Help needed ASAP!

Discussion in 'Canon EOS' started by richard_duncombe, Aug 13, 2007.

  1. Im just about to get an SLR and am certain i want Canon for the lense options, however i dont know what
    to get, i did narrow it down to the 30D, but its pricy, so then i looked at the 400d, but also saw that
    1-2year old 20D's go for less than a new Xti, which is the better option from these two? Bearing in mind a
    new 400d(Xti) is around ?460 ($880) whereas a 20D body goes for about ?350 ($700) - i concentrate on
    landscape long exposure photography so need the best for this, i will be combining it with the 50mm 1.8
    and sigma 10-22mm. Please advice needed, auction for the 20D ends in 2 hours!

    Thanks
     
  2. No need to rush things. Cool down. There will always be another one to buy if you decide to go that route.
     
  3. I personally would opt for the 20d but the 400d has it's advantages.. newer technology and more MP.. if that makes a difference. otherewise the 20d has it all.
     
  4. The 20D is a great camera but a little long in the tooth now. The 400D is a new camera that will have full warranty etc. I don't think the used 20D is work the risk at the stage -- the shutter could fail and then you would be toast. In addition the successor of the successor to the 20D is about to be released which pushes the resale of the 20D back further (admittedly not a great argument).

    The 400D is a new camera model with all the latest features and fully backed by warranties etc.. I think it is a safer buy and you will be very happy with it. The only caution I would have is if you like the body -- the 400D is quite a bit smaller than the 20D. You should go to a store and look at the 30D (same size as 20D) and the 400D, to see what you think.

    Best of luck!
     
  5. Thanks chaps, i prefer the 20D myself, the reviews it gets are second to none, although you
    have to bear in mind that these were written before the 400d came to be. The cheaper price
    gives me some money toward the lenses as well. Im not sure the jump from 8-10MP will be
    of that much concern to be honest, from what ive seen more MP can lead to noisier pictures
    at this level. I leave for life in Africa in a few days which is why im looking to get hold of a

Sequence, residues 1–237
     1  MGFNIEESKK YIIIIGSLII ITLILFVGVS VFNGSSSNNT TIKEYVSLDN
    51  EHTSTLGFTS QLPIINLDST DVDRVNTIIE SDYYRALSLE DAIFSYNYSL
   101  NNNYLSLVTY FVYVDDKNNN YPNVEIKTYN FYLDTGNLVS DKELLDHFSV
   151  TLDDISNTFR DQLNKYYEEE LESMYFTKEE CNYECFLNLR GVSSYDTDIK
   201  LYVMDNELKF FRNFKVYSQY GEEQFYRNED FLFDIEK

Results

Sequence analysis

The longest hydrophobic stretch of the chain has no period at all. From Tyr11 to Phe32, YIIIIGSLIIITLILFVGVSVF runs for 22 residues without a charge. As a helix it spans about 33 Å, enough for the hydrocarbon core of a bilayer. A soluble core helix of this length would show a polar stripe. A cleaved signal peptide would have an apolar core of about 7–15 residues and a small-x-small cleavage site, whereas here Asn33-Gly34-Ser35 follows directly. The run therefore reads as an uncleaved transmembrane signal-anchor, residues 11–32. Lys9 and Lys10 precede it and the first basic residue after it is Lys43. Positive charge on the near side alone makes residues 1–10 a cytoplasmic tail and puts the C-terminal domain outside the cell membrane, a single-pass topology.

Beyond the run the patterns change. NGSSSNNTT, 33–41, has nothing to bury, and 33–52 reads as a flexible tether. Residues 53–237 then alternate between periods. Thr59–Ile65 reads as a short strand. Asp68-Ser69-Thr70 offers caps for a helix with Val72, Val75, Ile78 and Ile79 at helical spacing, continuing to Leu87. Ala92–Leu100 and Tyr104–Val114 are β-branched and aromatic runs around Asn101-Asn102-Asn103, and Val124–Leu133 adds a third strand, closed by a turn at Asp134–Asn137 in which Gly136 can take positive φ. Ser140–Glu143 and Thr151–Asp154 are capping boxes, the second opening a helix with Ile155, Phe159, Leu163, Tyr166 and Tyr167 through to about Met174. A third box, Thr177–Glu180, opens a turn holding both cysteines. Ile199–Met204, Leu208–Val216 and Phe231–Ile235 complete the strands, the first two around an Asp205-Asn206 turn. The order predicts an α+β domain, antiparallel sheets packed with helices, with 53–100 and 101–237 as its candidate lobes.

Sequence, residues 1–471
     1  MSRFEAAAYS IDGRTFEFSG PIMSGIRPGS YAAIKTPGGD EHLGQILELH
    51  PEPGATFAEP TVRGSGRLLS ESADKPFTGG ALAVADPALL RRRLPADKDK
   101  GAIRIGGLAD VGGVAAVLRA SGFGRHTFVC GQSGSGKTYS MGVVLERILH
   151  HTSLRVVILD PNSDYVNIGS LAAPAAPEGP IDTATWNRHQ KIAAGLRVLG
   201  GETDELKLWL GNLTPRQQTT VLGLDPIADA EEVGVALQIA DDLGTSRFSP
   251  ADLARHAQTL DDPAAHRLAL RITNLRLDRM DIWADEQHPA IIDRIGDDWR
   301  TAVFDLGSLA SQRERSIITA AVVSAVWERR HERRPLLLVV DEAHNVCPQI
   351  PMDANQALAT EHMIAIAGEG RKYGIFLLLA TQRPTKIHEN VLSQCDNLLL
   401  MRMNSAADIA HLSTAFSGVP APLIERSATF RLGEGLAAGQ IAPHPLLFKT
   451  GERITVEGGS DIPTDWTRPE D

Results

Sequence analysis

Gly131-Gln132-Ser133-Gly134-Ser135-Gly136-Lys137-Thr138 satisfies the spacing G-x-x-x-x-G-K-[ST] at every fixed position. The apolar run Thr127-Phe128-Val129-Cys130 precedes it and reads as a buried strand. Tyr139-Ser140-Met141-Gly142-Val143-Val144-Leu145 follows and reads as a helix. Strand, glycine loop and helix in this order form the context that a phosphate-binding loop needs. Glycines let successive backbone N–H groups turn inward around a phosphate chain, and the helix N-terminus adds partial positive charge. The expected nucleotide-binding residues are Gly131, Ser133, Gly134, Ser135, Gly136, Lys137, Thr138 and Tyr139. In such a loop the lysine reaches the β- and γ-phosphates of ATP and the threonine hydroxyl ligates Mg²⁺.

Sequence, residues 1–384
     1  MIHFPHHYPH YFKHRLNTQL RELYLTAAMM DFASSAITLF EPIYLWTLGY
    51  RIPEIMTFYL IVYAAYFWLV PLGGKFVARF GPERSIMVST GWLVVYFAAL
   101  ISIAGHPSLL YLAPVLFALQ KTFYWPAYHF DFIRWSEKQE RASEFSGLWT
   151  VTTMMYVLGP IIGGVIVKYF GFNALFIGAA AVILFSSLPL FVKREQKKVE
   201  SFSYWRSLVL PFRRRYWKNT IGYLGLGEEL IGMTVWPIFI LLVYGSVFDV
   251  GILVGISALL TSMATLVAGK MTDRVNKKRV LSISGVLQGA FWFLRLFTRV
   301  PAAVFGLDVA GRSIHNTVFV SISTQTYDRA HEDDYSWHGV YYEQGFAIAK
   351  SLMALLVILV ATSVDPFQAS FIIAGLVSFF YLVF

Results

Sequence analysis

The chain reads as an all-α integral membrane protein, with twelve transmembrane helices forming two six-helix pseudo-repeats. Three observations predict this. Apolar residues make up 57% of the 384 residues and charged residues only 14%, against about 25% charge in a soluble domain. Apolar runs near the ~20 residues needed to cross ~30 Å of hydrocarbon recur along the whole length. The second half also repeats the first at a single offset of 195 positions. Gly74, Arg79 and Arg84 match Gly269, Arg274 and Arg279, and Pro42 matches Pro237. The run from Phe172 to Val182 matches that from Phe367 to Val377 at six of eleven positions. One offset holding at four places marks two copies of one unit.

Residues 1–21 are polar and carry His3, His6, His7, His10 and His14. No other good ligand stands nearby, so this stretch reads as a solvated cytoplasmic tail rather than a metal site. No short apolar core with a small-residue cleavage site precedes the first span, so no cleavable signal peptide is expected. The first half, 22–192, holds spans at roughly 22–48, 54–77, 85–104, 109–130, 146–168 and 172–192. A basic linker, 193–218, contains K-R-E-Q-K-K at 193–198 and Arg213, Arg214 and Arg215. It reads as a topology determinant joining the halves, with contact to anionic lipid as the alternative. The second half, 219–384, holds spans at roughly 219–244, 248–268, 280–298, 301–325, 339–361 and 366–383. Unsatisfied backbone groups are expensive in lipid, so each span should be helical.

decent camera quickly, i guess i did make it seem a little dramatic!
     
  6. -- "Please advice needed, auction for the 20D ends in 2 hours!"

    Never rush things ... auctions come and go ... and this isn't the last 20D being sold on e*ay.
     
  7. Thanks, just spoke to my local Camera World store and 400d body only is ?379.99 after the
    rebate, which pretty much puts them at the same price, at the end of the day its which takes
    the better photos - and i dont like the sound of that Shutter failing one bit, surely a once
    ?900 camera should have a few years life in it?
     
  8. I went through the xxD vs. 400D decision process earlier this year. THe big differences between the 20D and 400D are: 1) the control layout, 2) the sensor, 3) physical size/weight, and 4) continuous-shooting rate and buffer-size.

    Many people like the top-mounted LCD and rear control wheel on the 20D, along with the 20D's more-solid feeling construction; others really like the size and control layout on the 400D (esp. people with small hands).

    If you don't shoot action, where the 3 FPS and small buffer of the 400D make is almost a "non-starter", then I'd personally go with the 400D because it's newer.

    FWIW, I ended up decided to get another xxD (likely 30D) to backup my current 20D. I almost only shoot action, and the 20D's buffer is marginal, so even a used 30D is an improvement.

    Cheers,

    Geoff S.
     
  9. BTW, unless you burn through shutter actuations at a high rate, you probably won't wear out the shutter on a 400D very quickly. Most "normal" people typically shoot less than 5000 frames a year, which would give you many years of service.

    I'm beginning to worry about my 20D (after a year and a half) only because I probably fire off 20,000 frames per year (and I've lost track of how many times the image-number counter has "rolled over").
     
  10. Whew! I thought you had caught your pants on fire. Glad it's just another "Which camera?"
    thread.

    And if one does burn through the shutter unit, I think Canon charges about $200 for a
    replacement, installed.
     
  11. Except for the frrame rate your pictures won't be much different no matter which one you get. The quality is not between the bodies but between one of them and the efficacy of the lens you use. I have made pictures with so many different Canon bodies that I understand that it's not the equipment but the photographer and flexible enough lenses to allow each photographer to practice her or his art. Just go buy the one you like.